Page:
ColorectalSurgery

Using this guide What's covered

Here you’ll find the answers to many of your questions about colorectal surgery. Learn how it works, what it may cost, what your recovery may be like, and more.

To see how the surgery is done, view our procedure animation below. For personal insights, see our patient experience videos in which HCF members talk frankly about their preparation, surgery and recovery.

Cost indicator

Discover the typical out-of-pocket costs HCF members can expect to pay for colorectal surgery, and learn how your choice of doctor and hospital affect that cost. 

 

Rectum removal costs Colon removal costs

Learn about colorectal surgery

This short animation shows how your surgeon can remove a section your colon and join the ends together.

The basics

What's colorectal surgery?

Your colon, or large intestine, is the part of your gut that connects your small intestine with your rectum (the end of your large bowel) and anus (back passage). The term colorectal surgery, or ‘bowel surgery’, includes a number of operations in these areas.

If a section of your colon needs to be removed, the ends are usually sewn or stapled together. Sometimes your surgeon will bring the end of your colon to the surface of your abdomen creating a stoma (artificial opening) enabling faeces to be passed into a bag attached to your skin. This is called a colostomy. It may be a temporary measure (which your surgeon can reverse after your colon recovers), or could be permanent.

Why is it done?

Your surgeon may recommend colorectal surgery when there’s disease or damage to your colon. The damage may be caused by cancer or another disease including:

  • diverticulitis
  • inflammatory bowel disease such as Crohn’s disease or ulcerative colitis
  • a benign tumour
  • an injury or obstruction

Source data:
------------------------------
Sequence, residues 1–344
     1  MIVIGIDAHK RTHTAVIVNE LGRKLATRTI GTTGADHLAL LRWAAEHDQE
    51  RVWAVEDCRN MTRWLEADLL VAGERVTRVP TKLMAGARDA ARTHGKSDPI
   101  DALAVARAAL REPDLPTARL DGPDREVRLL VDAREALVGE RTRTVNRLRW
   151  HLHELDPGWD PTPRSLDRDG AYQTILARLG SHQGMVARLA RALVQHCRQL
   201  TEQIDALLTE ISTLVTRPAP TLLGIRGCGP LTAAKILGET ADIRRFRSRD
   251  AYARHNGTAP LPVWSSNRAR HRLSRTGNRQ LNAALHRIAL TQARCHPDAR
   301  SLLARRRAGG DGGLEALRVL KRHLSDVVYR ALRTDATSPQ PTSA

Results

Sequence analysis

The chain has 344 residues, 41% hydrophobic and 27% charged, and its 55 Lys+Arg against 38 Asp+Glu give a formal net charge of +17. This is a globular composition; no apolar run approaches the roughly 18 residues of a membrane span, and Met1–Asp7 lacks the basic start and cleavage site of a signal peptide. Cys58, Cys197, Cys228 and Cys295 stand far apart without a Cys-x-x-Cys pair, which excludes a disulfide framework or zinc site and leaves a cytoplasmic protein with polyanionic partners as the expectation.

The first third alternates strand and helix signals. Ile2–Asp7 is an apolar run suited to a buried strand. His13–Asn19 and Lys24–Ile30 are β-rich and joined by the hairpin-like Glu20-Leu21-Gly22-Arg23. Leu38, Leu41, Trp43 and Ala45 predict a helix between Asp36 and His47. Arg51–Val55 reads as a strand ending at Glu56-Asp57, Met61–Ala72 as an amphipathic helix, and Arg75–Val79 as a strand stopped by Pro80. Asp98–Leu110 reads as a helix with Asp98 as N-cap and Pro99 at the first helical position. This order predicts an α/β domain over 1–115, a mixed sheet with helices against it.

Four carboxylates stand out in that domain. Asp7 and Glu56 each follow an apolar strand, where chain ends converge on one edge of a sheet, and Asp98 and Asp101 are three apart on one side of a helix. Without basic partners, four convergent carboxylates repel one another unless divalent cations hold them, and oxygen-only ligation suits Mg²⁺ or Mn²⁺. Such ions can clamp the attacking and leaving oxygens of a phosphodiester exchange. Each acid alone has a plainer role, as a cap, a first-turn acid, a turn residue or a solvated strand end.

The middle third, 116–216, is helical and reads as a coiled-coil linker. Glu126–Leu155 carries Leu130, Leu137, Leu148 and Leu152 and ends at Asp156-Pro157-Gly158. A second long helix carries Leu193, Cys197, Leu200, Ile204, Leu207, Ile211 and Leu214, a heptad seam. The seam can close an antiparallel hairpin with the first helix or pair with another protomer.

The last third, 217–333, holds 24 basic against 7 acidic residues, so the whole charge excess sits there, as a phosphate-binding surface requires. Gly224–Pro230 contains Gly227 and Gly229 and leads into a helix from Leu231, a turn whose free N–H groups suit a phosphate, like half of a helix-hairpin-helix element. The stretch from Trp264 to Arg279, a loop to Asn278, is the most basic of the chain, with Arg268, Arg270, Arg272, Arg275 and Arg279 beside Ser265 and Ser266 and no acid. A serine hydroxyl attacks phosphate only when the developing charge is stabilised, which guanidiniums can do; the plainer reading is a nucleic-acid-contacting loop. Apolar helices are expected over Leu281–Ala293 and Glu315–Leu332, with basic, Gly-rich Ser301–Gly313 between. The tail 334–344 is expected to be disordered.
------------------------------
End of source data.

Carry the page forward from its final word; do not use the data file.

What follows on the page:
• blockage in a vein or artery causing damage to your bowel (ischaemia)
  • bleeding.

There are different types of colorectal surgery:

  • Partial colectomy – part of your colon is removed
  • Hemi colectomy – approximately half your colon is removed (left or right)
  • Subtotal colectomy – most of your colon is removed
  • Total colectomy – all of your colon is removed, except for your rectum and anus
  • Proctocolectomy – your colon and rectum are removed
  • Abdomino-perineal resection – part of your left colon is removed, and your rectum and anus.

The details

CONSIDERING THE PROCEDURE

Alternatives to colorectal surgery

There may be an alternative to colorectal surgery.
Learn more

Results vs risks of the procedure

The benefits and potential complications of colorectal surgery.
Learn more

Choosing a specialist

How to find a colorectal surgeon who specialises in your procedure.
Learn more

PREPARATION

Questions for your specialist

What you should ask before going ahead with surgery.
Learn more

Preparing for your procedure

Pre-operative tests and cleaning your colon before colorectal surgery.
Learn more

Your anaesthetic options

About the anaesthetic and post-op pain relief.
Learn more

YOUR PROCEDURE

Going to hospital

What to expect on the day of your surgery.
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Your procedure

What happens in the operating theatre.
Learn more

RECOVERY AND AFTERCARE

After your procedure

Your hospital stay.
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Recovery and aftercare


Resuming activities and watching for problems.
Learn more

Living with a stoma

Managing a stoma and accessing stoma resources.
Learn more

PATIENT EXPERIENCES

People who've had colorectal surgery talk about
their preparation, hospital stay and recovery.


View videos

Living with bowel cancer

Many people with bowel cancer will have colorectal surgery. These short videos provide personal insights about bowel cancer treatment and life after surgery.


View videos

Give us feedback

Did you find this guide helpful? Let us know what you liked or what we can do to improve it. We'd love to hear from you.

To provide feedback, email us at wellbeing@hcf.com.au.

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Important information

Information is provided by HCF in good faith for the convenience of members. It is not an endorsement or recommendation of any form of treatment nor is it a substitute for medical advice, and you should rely on the advice of your treating doctors in relation to all matters concerning your health. Every effort has been taken to ensure the accuracy of the information, however HCF takes no responsibility for any injury, loss, damage or other consequences of the use of this information.